Mentions: For delta and theta, the algorithm localized the source of the differential activation in the left DLPFC for DD between the SUD group and the CG (t=9.03, P≤0.01, BA9 x=−3, y=48, z=18; t=7.90, P≤0.01, BA9 x=−5, y=45, z=23) (Figure 2A–D). For alpha, more significant differential activation was found in the DLPFC when comparing the SUD group and the CG for DD (t=5.10, P≤0.01, BA9 x=2, y=40, z=27). Finally, beta showed the source of the differential activation within the left DLPFC (t=5.69, P≤0.01, BA9 x=−7, y=39, z=30) when comparing the SUD group and the CG in response to DD. No other effect was statistically significant.

Bottom Line: Behavioral responses (gain/loss options); frequency band modulation (asymmetry index) for delta, theta, alpha, and beta band; and cortical source localization (standardized low-resolution brain electromagnetic tomography) were considered.The SUD group opted in favor of the immediate reward option (loss) more frequently than the long-term option (gain) when compared to the CG.Secondly, SUD showed increased left-hemisphere activation in response to losing (with immediate reward) choices in comparison with the CG.

View Article: PubMed Central - PubMed

Affiliation: Research Unit in Affective and Social Neuroscience, Department of Psychology, Catholic University of the Sacred Heart, Milan, Italy.

ABSTRACT
A vast amount of research has suggested that subjects with substance use disorder (SUD) might have difficulty making advantageous decisions that opt in favor of a longer-term, larger reward than an immediate, smaller reward. The current research explored the impact of reward bias and cortical frontal asymmetry (left lateralization effect) in SUD in response to a decisional task (Iowa Gambling Task). Fifty SUD participants and 40 controls (CG) were tested using the Iowa Gambling Task. Electrophysiology (electroencephalography) recording was performed during task execution. We measured left and right dorsolateral prefrontal cortex power activity. Behavioral responses (gain/loss options); frequency band modulation (asymmetry index) for delta, theta, alpha, and beta band; and cortical source localization (standardized low-resolution brain electromagnetic tomography) were considered. The SUD group opted in favor of the immediate reward option (loss) more frequently than the long-term option (gain) when compared to the CG. Secondly, SUD showed increased left-hemisphere activation in response to losing (with immediate reward) choices in comparison with the CG. The left hemispheric unbalance effect and the "reward bias" were adduced to explain the decisional impairment in SUD.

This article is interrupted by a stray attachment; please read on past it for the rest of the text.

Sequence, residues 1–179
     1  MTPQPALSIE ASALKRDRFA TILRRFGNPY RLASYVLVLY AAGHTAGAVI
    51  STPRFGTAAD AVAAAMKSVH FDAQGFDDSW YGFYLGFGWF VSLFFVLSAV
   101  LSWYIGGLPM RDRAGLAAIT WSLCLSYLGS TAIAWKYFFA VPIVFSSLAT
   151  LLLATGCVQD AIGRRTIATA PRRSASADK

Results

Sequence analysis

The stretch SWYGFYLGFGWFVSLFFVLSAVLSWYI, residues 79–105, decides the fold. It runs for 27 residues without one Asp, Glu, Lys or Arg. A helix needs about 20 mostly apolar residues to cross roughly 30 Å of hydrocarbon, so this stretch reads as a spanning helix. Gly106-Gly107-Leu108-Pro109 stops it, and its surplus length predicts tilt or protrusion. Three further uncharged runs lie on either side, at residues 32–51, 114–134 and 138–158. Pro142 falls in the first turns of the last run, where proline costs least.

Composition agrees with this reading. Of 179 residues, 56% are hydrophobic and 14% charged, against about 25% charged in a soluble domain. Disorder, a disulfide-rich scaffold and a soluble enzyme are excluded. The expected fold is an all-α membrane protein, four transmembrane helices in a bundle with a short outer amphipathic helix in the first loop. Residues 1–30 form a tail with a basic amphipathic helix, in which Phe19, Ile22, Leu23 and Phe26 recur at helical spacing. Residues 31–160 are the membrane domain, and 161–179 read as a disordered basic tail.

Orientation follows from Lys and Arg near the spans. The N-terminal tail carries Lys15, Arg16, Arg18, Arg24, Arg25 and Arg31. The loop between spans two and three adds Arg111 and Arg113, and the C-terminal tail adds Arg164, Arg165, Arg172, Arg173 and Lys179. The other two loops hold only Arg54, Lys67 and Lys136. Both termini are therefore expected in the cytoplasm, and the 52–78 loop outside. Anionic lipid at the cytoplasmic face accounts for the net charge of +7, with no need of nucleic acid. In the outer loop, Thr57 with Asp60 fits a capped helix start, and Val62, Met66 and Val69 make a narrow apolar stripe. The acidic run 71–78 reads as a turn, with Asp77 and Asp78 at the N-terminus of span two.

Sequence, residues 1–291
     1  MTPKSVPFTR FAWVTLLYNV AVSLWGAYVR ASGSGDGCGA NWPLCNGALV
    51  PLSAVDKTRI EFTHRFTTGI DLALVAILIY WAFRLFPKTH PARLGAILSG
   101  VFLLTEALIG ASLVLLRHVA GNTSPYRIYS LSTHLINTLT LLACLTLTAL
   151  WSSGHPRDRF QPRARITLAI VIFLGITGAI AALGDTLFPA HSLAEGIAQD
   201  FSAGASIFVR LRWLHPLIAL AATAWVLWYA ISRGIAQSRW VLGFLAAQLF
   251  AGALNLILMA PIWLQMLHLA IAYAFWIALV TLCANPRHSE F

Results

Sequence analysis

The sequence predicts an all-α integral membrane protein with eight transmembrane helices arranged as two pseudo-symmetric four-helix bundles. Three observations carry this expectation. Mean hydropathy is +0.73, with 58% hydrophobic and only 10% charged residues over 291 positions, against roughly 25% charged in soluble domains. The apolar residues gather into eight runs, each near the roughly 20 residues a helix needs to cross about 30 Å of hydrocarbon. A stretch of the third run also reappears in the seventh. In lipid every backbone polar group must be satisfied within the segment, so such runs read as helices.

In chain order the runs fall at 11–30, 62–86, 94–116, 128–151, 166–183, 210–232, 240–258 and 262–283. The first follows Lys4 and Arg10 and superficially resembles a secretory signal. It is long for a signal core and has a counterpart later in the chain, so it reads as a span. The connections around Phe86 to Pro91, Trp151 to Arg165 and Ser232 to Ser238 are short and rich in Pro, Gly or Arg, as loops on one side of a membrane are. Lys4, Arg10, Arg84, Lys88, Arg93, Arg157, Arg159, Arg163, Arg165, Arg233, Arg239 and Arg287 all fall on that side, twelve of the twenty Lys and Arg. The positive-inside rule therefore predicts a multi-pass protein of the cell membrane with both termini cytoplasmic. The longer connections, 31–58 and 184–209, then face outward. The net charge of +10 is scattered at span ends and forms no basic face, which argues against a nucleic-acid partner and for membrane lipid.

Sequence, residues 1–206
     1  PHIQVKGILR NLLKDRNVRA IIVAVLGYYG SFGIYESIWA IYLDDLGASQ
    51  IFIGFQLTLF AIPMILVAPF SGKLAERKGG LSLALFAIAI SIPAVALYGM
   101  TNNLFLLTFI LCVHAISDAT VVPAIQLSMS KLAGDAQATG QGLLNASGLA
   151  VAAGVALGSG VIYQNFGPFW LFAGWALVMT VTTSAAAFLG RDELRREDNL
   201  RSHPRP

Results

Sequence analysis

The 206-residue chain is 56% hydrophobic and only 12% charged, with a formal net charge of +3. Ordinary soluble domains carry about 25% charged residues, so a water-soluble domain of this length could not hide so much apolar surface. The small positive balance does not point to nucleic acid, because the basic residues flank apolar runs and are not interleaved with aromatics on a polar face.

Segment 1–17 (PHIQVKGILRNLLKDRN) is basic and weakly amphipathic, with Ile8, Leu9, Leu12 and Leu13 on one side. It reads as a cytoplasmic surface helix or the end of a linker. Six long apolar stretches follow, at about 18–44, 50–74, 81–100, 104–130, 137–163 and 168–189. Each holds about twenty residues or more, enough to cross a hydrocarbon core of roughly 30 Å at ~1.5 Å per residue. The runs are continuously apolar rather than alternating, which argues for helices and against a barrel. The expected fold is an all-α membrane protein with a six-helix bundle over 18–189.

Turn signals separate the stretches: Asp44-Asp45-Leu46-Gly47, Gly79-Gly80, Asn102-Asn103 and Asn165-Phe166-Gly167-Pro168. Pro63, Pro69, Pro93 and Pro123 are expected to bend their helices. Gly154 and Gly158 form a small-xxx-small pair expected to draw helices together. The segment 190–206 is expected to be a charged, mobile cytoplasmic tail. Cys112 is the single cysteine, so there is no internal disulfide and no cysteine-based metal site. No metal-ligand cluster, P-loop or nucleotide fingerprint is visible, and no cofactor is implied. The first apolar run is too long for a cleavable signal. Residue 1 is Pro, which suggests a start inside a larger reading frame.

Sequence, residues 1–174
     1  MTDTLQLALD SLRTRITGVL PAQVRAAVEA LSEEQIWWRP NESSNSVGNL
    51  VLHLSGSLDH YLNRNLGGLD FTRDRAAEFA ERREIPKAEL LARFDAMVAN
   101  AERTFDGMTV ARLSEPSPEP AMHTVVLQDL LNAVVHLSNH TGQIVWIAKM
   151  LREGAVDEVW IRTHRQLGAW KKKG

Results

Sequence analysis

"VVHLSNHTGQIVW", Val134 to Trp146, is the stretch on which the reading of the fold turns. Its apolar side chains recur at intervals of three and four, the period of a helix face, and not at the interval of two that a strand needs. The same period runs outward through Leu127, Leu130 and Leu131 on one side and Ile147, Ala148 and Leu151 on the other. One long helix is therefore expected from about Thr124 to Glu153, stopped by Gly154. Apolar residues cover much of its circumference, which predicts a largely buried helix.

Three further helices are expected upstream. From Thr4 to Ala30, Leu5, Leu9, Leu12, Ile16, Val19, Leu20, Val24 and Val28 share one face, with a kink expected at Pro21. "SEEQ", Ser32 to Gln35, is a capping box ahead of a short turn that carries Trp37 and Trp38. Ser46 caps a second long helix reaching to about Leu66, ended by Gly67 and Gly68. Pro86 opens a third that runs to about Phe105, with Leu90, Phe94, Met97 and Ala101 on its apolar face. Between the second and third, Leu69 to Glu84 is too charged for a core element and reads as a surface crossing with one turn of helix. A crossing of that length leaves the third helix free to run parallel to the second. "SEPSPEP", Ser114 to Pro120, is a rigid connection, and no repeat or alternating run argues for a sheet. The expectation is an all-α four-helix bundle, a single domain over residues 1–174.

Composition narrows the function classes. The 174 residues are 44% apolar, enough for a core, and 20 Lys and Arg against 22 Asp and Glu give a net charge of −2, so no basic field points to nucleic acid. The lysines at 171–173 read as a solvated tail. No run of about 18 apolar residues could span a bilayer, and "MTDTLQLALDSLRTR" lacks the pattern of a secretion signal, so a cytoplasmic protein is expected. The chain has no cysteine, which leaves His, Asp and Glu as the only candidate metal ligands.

No MeSH data available.


Related in: MedlinePlus